Hands-on approach

The traditional way of teaching programming it to take a language – be it Python or C or Pascal and explain its various constituents item by item for about 20 hours of classes/lectures. What is a variable? How do you declare one? Do you have to declare one? What can it store? How do you use it?

It takes hours, even days, to cover such details and it’s done in boring, excruciating detail by most lecturers and books. The result … bored students whose attention wanders and who are lost to the class within the very first session and who often come away with the lifelong, lasting impression that programming is boring.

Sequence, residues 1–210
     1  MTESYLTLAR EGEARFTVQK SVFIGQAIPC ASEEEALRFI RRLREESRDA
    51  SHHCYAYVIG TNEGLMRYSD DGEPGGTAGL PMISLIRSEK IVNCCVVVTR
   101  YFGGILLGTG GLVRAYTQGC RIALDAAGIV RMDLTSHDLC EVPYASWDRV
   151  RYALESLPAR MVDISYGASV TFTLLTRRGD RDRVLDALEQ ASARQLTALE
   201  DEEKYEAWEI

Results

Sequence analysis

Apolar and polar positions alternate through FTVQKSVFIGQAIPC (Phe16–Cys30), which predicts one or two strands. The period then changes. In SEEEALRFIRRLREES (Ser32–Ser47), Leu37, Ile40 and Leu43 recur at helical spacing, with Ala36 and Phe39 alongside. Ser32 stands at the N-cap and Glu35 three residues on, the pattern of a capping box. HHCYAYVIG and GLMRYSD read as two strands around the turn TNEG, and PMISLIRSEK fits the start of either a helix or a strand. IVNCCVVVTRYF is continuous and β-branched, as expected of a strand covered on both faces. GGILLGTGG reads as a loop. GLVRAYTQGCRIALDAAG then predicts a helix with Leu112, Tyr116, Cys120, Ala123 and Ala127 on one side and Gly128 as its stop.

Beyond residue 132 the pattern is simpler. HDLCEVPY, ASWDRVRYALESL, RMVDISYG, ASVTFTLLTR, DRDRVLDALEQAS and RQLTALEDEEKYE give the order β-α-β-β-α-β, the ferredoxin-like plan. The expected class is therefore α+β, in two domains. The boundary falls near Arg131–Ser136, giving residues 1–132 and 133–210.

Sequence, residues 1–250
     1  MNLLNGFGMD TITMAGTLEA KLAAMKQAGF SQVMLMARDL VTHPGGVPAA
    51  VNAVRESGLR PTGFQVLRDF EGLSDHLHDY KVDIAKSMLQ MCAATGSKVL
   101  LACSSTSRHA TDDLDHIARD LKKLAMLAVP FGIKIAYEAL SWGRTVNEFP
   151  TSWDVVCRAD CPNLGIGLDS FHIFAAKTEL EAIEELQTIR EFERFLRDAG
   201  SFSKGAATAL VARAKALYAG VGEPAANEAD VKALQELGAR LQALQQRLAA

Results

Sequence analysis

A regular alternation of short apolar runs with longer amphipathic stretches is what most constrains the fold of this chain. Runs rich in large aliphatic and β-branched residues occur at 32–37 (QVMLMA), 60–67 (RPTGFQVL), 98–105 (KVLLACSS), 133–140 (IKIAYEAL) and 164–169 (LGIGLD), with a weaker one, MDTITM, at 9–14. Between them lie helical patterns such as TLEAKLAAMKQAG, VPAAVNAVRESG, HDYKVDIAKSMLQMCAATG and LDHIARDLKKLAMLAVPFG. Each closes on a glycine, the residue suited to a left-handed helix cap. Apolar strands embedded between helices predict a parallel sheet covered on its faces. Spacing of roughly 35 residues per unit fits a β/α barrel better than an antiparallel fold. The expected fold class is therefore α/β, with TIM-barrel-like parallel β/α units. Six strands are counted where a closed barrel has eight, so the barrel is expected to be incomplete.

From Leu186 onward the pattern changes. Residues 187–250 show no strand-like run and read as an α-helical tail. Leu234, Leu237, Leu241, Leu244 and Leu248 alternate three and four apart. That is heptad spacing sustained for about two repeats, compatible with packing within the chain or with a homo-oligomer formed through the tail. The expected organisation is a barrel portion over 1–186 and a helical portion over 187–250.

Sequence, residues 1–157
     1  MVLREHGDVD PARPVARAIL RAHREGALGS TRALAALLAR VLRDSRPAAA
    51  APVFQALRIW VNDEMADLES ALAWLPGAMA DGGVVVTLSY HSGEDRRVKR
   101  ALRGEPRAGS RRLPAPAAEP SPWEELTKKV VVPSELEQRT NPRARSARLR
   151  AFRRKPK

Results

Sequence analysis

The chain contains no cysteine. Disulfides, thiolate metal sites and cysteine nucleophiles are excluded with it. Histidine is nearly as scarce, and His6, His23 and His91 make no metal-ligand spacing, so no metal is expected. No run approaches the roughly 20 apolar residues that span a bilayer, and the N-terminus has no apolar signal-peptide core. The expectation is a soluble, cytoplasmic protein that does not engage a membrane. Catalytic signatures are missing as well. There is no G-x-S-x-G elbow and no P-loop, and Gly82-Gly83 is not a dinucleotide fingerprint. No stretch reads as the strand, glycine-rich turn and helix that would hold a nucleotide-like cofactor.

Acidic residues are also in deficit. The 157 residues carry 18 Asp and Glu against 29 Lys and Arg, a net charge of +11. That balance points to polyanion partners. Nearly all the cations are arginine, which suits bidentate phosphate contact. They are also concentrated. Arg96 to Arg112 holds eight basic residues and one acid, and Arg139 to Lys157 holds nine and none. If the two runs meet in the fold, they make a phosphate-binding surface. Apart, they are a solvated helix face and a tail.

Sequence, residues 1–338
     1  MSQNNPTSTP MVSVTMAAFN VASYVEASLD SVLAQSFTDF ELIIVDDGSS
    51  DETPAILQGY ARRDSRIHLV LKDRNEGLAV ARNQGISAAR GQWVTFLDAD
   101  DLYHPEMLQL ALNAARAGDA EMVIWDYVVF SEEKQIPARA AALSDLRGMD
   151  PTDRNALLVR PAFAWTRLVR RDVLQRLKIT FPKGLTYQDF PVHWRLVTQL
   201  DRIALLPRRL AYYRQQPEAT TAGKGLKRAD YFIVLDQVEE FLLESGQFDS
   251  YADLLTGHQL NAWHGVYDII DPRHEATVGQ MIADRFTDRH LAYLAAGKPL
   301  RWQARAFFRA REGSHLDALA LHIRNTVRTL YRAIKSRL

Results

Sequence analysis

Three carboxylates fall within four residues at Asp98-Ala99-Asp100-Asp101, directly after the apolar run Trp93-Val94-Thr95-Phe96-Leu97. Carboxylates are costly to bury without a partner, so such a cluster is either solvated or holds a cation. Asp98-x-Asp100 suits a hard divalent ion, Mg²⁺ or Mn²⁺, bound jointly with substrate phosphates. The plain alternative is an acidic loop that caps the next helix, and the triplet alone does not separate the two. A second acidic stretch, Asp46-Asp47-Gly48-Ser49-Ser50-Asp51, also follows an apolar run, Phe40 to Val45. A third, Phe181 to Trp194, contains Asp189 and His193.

My approach is to first make the programming environment almost invisible to my students. I do this by using Python and in particular Jupyter Notebooks. These are simple web pages with some magic embedded in them: you can type in some python code and press control+enter and the code executes right there in the web page giving you a result right away. That means you can experiment to your heats content!

By making it possible to program right in their internet browser all my students feel that they’re just on Facebook or Twitter writing trivia to their friends. I remove the ‘awe’ that an Integrated Development Environment’ generates, get rid of all the ‘compiler’ and ‘assembler/linker’ worries and have everyone focusing on small (7 to 10 line) pieces of code that they can really, REALLY get their heads around within minutes.

Want to try it out? Right now? Follow this 30 minute [setup mostly] lesson to get up and running ASAP!